The Collective gals have been dreading this episode ever since the BBC’s announcement that Matt Smith was leaving Doctor Who back in June. For those of us who fell in love with Eleven fairly soon after he and his bumbling TARDIS crashed into Amelia Pond’s garden shed back in April 2010, the Timelord’s regeneration proved to be as emotional and as satisfying as we knew it would be. While I have enjoyed watching many different faces play the time traveling alien, Matt Smith was my Doctor. The Doctor with whom I began the journey through the time vortex and the one who sparked my interest in the wide Who-niverse of this brilliant television show. Matt Smith played Eleven as an ancient god; fierce and fun, sad and sweet, knowledgeable and knowingly forgetful all at the same time. He protected the innocent, never forgot a face and believed that everyone mattered. This is what led him to Trenzalore. (Spoilers ahead, sweetie!)
Alright, Whovians, it’s happened. “The Day of the Doctor” has aired, and, boy, it has changed everything. Well, almost. Out of courtesy for those who have not yet watched the episode, I will try to keep the spoilers to a minimum (I’ll leave the spoilers to Collectiva Diva–she’s better at them anyway.)
Armed with jammy dodgers and hot cuppas, the Collectiva Diva and I sat down with some of our Whovian friends to watch the special–which was simulcast world wide (a very special thank to the BBC for making it possible for all Whovians to enjoy it at the same time). I meant to live tweet throughout the special, I really did, but once we heard the “doo we oooooo” I completely forgot anything else and went on another adventure through time and space with the Doctor.
Although the Zygons have been touted as the villains of “The Day of the Doctor,” the true conflict lies within the Doctor himself. In the final episode of series 7, “The Name of the Doctor,” we met the War Doctor, played by John Hurt–the incarnation of the Doctor that the Time Lord keeps secret, even from himself it seems. We saw in short “The Night of the Doctor” how the War Doctor came to exist. The crux of the plot rests on the War Doctor’s shoulders rather than fan-favorites Ten and Eleven. Will the War Doctor use the weapon to destroy the Time War–and therefore Gallifrey–or will he not?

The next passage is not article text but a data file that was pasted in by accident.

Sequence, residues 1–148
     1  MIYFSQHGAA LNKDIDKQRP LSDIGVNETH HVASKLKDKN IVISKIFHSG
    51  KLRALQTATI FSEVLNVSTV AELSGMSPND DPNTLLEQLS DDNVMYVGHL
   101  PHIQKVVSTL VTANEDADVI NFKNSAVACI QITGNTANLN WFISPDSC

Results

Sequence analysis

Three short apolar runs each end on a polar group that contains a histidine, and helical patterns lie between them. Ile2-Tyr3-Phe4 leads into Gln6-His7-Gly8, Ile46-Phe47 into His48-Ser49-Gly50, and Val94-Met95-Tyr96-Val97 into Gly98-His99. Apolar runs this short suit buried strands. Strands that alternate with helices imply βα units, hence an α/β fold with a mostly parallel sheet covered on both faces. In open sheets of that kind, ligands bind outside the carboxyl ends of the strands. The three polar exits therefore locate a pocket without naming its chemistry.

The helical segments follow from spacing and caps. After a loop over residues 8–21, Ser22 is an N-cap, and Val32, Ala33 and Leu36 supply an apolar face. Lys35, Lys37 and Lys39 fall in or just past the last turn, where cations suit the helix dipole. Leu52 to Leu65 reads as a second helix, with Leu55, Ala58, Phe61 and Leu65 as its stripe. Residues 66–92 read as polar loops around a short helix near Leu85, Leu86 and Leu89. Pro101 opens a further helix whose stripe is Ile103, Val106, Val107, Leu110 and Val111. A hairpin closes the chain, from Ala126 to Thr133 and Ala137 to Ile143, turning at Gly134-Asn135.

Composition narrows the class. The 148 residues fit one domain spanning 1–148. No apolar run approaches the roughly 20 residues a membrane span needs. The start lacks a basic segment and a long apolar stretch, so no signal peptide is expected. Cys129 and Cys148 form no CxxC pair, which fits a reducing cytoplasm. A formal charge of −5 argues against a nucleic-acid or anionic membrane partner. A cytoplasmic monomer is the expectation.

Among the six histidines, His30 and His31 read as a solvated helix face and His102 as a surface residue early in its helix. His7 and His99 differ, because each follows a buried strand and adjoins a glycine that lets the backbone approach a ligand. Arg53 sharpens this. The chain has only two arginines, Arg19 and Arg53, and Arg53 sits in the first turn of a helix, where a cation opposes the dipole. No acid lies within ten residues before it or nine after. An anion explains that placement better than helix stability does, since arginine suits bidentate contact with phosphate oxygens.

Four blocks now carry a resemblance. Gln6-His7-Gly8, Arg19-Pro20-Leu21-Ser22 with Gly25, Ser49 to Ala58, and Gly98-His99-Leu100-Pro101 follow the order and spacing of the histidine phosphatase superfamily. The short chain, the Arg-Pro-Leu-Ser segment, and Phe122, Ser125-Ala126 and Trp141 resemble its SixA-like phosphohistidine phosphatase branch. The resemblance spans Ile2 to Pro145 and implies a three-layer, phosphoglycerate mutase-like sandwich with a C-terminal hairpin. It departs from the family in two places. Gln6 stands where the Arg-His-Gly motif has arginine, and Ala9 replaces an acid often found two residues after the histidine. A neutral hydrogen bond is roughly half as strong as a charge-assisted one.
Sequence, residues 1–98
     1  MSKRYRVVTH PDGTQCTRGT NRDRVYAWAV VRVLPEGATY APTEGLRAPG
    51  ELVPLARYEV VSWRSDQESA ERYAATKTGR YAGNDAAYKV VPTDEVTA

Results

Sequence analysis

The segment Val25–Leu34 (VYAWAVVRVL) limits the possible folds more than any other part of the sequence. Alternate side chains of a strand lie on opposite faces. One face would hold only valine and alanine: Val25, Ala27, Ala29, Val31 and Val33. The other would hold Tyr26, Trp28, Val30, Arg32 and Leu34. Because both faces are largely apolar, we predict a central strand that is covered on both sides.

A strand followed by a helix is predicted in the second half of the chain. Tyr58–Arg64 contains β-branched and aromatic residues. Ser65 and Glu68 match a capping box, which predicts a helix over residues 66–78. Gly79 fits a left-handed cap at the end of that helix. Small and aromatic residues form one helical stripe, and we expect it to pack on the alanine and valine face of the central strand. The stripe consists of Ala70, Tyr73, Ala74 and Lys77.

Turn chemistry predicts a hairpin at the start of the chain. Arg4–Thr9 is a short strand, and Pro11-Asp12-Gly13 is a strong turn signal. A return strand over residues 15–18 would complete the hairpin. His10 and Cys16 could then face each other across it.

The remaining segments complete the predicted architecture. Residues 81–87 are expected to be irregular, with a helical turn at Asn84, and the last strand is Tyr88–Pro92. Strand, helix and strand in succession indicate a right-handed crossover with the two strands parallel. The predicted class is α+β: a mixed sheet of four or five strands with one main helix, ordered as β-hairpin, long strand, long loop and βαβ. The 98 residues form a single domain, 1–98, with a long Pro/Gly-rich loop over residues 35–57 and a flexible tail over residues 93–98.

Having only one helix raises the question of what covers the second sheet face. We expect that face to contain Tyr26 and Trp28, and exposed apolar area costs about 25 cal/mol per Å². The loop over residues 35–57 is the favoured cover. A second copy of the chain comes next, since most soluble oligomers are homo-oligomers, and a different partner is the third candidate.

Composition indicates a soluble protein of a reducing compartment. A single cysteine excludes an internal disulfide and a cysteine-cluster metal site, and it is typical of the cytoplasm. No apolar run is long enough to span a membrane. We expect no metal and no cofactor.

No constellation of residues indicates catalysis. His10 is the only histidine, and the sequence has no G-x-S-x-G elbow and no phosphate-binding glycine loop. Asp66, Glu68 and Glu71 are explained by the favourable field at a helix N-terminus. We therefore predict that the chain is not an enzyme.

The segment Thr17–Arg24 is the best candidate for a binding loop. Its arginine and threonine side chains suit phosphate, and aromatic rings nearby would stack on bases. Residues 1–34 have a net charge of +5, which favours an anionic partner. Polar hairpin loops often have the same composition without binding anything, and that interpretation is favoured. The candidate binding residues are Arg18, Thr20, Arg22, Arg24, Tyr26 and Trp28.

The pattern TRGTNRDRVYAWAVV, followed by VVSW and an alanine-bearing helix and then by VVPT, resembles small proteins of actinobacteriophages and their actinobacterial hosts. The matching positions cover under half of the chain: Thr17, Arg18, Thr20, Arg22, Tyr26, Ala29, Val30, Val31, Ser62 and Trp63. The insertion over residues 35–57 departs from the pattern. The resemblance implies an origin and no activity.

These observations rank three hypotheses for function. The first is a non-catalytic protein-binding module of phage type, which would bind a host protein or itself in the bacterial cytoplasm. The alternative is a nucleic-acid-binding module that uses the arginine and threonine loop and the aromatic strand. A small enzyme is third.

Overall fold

Well, if you’ve seen all the episodes of New Who, you know he is responsible for ending the Time War.
For those of our readers who follow my weekly fanfiction recs, you may have noticed that I’m been a bit remiss in my recs for the past month or so. I can explain in two words: Terminal Decay. Five weeks ago, I made it my mission to finish reading this fic by the airing of “The Day of the Doctor.” I’m still not finished.
“Terminal Decay” by unslinky is a monstrous fic. I don’t mean that it’s horrid and large and ugly like a kraken, but rather, it’s HUGE. Don’t believe me? Well, take a look at this…
Yes, it really does say 1002 chapters and 3,065,944 words.
Or to put it another way, since I’ve been reading for 5 weeks that’s:
28 chapters per day (if I had finished…which I haven’t quite)
over 80,000 words read per day (about 160 pages)
If you account that the typical single-spaced page is about 500 words, that’s 6,132 pages.
To put that into even more perspective:
the Harry Potter series is 1,084, 170 words, so reading “Terminal Decay” is like reading the HP series 3 times.
the Guinness world record holder for longest novel is A le recherche du temps perdu by Marcel Proust. The novel is 1,267,069 words. “Terminal Decay” is almost 2.5 times that length.